A heartbroken Julia Robinson has revealed she was targeted by trolls last week, less than two months after she was the victim of vile abuse from people who criticized her appearance.
The Broncos winger was snapped on the red carpet at last week’s Dally M Awards after a terrific season in the NRLW, but instead of celebrating her achievements, some people felt the need to try to drag her down.
It’s the second time this year she’s copped online abuse after she called out trolls who attacked one of her posts on Instagram ahead of the most recent NRLW season.
“It just hurts,” a devastated Robinson told NCA NewsWire.
“It’s happened twice now.
“It hurts because I feel like I’m a nice person and I know that I’d never say anything bad to someone else. It hurts because no one likes to be called names or called mean things.
“It’s sad to know that it’s still happening in today’s society, where strong women have to be criticized and some people find it horrible to see a girl with muscles.
“That shouldn’t be a bad thing, and that’s why I said in my first post that it just shows my hard work and dedication. Without that, I wouldn’t be here today.
“It should be acknowledged a lot more; how good it is to see women being fit and healthy.”
Broncos teammate Ali Brigginshaw says she will always be there to support Robinson, but fears online abuse could be an ongoing trend for female athletes.
“I don’t think it will ever stop,” the Jillaroos legend said.
“It’s sad and it hurts to see all these comments.
“I think every player cops it every time they take the field, but it means our game is growing and the profile of these girls is growing.
“For every positive comment, there are going to be people who want to bring you down. As soon as you get to the top, there are so many people who want to be there, and how they react comes down to jealousy.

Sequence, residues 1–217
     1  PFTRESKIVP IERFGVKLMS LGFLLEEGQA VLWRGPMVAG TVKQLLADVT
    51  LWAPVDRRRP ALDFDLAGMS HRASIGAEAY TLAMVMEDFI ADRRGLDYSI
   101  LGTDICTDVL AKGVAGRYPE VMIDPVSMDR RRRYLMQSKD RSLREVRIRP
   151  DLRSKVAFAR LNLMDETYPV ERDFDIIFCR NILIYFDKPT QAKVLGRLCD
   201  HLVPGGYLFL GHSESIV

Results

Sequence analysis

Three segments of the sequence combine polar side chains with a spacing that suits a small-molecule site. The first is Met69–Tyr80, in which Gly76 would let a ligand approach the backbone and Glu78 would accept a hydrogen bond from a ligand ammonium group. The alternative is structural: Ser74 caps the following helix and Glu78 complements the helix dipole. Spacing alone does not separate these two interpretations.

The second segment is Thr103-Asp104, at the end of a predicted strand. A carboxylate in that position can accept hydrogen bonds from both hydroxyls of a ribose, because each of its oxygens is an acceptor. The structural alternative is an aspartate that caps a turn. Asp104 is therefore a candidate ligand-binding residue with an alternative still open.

“When you’re a female athlete, it’s all about supporting each other. We all have her back from her.”
Robinson says she was overwhelmed by the support she received from not only footy players, but also stars from other codes and strangers who reached out to her on social media.
It’s reminiscent of what Tayla Harris went through in AFLW when she was attacked over a photo which showed off her perfect kicking technique.
Trolling is a hot topic not just for athletes but for society in general, and Robinson says negative comments from faceless keyboard warriors can lead to extreme outcomes.
“I can’t speak highly enough of the people who have supported me,” Robinson said.
“It shows that I do have such an amazing group of people around me, but it’s also people I don’t know who have reached out.
“I’ve had athletes from all other codes supporting me, but also supporting the current situation and that it’s an important topic to talk about.
“We need to change people’s mindsets on how they talk on social media. It was such bad timing because it happened around the time of Paul Green’s death and there was such a big focus on mental health.
“Stuff like this can trigger people.
“I’m lucky because I know I wouldn’t go down that road, but these people who are posting stuff have no idea how others are going to react. You can’t just go trolling people on social media because you don’t know what’s going on in their lives.
“I’m proud of myself and I’m never going to change for anyone.”
Robinson fought back tears during the chat, but she was all smiles as she spoke about how honored she was to be part of the Jillaroos’ squad for the World Cup.
The winger has triple checked her passport as she prepares to head overseas for the first time, just four years after she started playing rugby league.